Intel PC inventory oversaturation ‘a best case’ scenario for AMD: Analyst

Susquehanna International Group (SIG) Senior Equity Analyst Christopher Rolland joins Yahoo Finance Live to discuss AMD earnings and tailwinds for the stock.

Video transcript

DAVE BRIGGS: All right, for more on AMD's latest earnings report, Chris Rolland, Susquehanna International Group Senior Equity Analyst, joining us now. Good to see you, sir. Interesting report-- looks like a rough guidance but a pretty solid beat on the top and the bottom. Your initial reaction, Chris.

CHRISTOPHER ROLLAND: Yeah, I think Intel set an incredibly low bar. And while this was not a perfect report, it probably hurdled that low bar for sentiment.

SEANA SMITH: Chris, what do you make of the client segment just in terms of revenue here? Because a miss-- $903 million, the expectation on the Street was for $995.5 million. Clearly, the cooling PC market having an impact on that segment. How weak-- or is this the weakest you think that segment is going to get?

CHRISTOPHER ROLLAND: That was actually a little bit better than we had expected. We were probably the bear on the street around this segment. In PC right now, Intel has essentially stuffed the channel full of PC inventory. And so this actually is a result that we think is a best case for AMD as they work through all of this inventory throughout the channel. We think there's multiple billions of dollars of CPU inventory that needs to be worked through.

DAVE BRIGGS: They offered some commentary that demand was mixed, but they project gaining market share in 2023. Do you agree with that assessment?

CHRISTOPHER ROLLAND: I do. I think they have a new, revamped GPU lineup that will better compete with NVIDIA this year. So I do see some gaming potential here.

SEANA SMITH: Chris, what about the data center business? Because unlike Intel, we've really seen AMD's data center business grow a little bit. Taking a look at these numbers, actually came in slightly better than what the Street was looking for at $1.66 billion. What do you make of that report-- that number?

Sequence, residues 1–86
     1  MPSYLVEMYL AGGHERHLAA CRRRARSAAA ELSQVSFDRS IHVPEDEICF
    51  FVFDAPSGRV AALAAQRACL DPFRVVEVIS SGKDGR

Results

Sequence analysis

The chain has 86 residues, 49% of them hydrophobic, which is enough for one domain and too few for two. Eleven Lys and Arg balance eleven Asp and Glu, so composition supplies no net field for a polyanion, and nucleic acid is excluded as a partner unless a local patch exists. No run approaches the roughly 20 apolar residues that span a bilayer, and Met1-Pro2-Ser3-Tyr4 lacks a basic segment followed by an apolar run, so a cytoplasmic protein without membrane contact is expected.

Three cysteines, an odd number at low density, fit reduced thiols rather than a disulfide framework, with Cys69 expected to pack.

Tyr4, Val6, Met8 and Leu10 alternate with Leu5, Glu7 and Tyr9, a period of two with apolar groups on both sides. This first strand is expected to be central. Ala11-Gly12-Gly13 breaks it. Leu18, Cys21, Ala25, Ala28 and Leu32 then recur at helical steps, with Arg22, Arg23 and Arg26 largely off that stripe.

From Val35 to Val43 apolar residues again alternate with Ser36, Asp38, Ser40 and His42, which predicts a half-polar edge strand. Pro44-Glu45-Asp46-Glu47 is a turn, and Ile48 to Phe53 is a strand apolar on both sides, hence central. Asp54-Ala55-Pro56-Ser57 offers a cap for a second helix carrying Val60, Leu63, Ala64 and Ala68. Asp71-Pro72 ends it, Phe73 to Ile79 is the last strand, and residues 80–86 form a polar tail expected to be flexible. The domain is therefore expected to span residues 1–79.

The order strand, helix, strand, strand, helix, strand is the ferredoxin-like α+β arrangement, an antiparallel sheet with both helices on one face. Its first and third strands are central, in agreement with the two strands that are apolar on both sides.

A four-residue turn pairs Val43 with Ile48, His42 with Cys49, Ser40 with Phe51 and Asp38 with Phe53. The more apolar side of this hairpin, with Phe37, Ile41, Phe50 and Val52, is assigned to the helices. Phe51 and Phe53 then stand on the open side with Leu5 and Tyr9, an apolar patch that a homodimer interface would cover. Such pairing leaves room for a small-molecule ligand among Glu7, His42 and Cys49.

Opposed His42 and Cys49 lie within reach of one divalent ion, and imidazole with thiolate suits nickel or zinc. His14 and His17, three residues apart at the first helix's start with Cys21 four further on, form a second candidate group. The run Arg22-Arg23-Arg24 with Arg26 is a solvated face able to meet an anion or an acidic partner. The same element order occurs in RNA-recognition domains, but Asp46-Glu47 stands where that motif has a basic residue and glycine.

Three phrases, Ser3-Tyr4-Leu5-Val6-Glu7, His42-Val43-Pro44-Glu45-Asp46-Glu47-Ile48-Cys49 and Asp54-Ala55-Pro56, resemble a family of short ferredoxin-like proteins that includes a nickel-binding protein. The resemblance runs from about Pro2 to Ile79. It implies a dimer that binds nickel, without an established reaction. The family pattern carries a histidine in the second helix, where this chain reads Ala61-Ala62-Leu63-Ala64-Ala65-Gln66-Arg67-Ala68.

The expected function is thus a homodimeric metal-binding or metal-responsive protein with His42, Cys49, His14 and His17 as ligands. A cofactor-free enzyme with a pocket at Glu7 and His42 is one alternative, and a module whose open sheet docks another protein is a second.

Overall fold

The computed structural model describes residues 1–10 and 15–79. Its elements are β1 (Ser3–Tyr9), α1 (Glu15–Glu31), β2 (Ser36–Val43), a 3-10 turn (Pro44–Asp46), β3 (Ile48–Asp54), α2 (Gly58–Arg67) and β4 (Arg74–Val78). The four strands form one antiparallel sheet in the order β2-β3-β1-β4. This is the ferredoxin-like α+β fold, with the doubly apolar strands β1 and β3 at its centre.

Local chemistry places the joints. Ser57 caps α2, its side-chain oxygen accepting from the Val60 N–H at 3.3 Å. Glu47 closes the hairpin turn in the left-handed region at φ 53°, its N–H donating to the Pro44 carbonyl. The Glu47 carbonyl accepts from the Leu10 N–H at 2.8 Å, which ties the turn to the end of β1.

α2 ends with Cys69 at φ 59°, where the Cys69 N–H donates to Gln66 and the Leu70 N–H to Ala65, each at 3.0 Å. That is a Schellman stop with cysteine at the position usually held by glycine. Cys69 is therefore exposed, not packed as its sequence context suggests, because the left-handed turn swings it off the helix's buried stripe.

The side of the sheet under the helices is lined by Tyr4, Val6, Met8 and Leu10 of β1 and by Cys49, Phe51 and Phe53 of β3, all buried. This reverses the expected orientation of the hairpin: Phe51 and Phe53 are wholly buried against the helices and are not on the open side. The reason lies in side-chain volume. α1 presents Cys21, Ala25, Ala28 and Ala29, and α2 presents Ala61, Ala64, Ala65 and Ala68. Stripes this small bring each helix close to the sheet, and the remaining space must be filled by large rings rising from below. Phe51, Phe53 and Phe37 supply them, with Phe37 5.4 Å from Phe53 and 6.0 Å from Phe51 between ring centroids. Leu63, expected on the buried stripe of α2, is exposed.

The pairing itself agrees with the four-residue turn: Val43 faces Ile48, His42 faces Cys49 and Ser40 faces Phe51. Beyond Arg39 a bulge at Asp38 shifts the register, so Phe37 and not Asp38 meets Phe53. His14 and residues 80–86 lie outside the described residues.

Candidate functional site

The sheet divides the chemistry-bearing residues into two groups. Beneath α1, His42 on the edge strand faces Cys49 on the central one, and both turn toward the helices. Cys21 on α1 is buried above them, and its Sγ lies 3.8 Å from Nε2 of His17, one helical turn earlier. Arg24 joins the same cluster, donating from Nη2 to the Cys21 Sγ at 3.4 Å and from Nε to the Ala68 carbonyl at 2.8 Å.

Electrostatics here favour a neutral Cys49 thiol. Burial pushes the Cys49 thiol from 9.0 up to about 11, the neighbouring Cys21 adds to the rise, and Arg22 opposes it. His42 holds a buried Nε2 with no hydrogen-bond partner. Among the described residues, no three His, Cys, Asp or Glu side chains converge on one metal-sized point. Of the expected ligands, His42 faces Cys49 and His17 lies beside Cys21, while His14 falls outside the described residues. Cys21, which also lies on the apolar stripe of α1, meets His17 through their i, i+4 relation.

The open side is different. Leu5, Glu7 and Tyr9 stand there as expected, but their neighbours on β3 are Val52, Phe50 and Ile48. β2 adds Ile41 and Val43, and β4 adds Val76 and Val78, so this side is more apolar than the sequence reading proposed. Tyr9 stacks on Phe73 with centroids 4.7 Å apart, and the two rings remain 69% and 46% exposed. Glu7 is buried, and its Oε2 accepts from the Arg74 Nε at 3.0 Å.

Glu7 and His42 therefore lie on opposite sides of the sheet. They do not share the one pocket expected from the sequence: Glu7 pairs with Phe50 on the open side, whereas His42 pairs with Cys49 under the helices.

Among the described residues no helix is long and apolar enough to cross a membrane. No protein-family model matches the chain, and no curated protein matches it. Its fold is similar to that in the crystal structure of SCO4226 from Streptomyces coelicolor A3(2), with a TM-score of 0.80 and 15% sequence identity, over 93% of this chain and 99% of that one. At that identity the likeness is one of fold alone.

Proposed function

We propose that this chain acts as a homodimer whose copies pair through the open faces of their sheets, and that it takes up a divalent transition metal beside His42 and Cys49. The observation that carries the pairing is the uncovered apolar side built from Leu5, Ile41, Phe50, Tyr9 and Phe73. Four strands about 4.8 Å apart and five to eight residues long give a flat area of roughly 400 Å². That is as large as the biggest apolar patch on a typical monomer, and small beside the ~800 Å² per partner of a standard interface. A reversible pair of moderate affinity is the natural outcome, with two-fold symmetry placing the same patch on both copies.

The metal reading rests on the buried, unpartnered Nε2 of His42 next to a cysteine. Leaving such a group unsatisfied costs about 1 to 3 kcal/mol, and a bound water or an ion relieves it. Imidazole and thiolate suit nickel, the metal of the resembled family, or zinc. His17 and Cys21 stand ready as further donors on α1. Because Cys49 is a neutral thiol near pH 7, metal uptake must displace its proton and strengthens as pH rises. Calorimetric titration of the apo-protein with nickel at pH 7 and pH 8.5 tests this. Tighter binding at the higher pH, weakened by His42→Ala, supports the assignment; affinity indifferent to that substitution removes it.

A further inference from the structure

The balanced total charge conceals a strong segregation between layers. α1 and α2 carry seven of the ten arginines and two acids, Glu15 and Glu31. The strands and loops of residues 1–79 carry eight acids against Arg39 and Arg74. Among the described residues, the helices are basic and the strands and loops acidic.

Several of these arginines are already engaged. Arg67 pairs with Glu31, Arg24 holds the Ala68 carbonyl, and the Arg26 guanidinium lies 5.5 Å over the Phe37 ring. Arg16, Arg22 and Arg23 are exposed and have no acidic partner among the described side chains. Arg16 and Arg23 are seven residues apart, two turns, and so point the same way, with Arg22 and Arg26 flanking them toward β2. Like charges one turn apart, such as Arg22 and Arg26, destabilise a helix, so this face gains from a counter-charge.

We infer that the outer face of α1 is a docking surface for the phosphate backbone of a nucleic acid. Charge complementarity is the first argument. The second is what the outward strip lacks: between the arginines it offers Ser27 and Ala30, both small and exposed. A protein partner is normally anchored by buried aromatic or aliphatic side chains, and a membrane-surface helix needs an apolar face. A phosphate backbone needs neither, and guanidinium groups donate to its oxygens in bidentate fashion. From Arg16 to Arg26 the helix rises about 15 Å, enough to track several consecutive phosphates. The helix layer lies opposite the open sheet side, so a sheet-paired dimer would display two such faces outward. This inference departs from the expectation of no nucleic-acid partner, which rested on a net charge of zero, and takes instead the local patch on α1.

CHRISTOPHER ROLLAND: Yeah, so we think this is just the start for them in gaming. They have a new CPU chip called the Genoa, which we'll be going head to head with Intel's Sapphire Rapids. We think it has as much as a 50% performance beat over Intel. And so we expect AMD to not only benefit from better ASPs-- server ASPs, but also taking a ton of share here for probably the next two years.

DAVE BRIGGS: Some tailwinds and some headwinds when it comes to the Biden administration. We'll start with the CHIPS Act, which should be a net positive. And then there's the chip restrictions in terms of what they send to China. How do those play into the future?

CHRISTOPHER ROLLAND: In terms of subsidies from things like the CHIPS Act, AMD is primarily manufactured out of Taiwan. They are third party foundry manufacturing. And therefore, they will not get anywhere close to the benefits that Intel will be getting from things like the CHIPS Act.

In terms of Chinese restrictions, that's still a TBD. As of right now, general purpose processors are able to ship into China. And so we don't see this, as of right now, being a big issue.

SEANA SMITH: Well, Chros, speaking of some of the weakness more broadly that we're seeing in this sector, we had Intel CEO Pat Gelsinger on Yahoo Finance last week following their weak report. I want to play what he told us and then get your reaction.

PAT GELSINGER: Numbers that basically we haven't seen for the company for a decade-- projecting losses that we haven't seen for 30 years. It's very difficult. And that's what we laid out for Q1-- a very tough picture, but one that I'm confident that we'll navigate through and we'll make the company better as a result.

SEANA SMITH: Chris, what needs to happen to get the environment, to get this picture much stronger when it comes to all of these chipmakers?

CHRISTOPHER ROLLAND: All of the chipmakers is a bigger discussion. But in terms of Intel itself, Intel needs to focus on process and products. They have a roadmap. They've laid out a roadmap. If they can hit those points in its roadmap, they will likely be able to compete with AMD and TSM over the long run.

But if they cannot hit this roadmap and if it slips, like it has in the past few years-- over the past five years, it's slipped incredibly-- Intel is in a very, very difficult situation if they cannot hit those milestones in their roadmap.

DAVE BRIGGS: Chris, biggest question you have for the call.

CHRISTOPHER ROLLAND: For AMD, I haven't seen some full-year guidance. So I want to know about that. I want to know about the outlook. I want to know about the trajectory.

I want to know about the recovery in client. I want to know if they're going to take share in PC. I know they'll take share in server, but is their expectation to take share in PC as well? These are the things that are most top of mind to me.

SEANA SMITH: And the stock up nearly 4% here after hours-- Chris Rolland, thanks so much.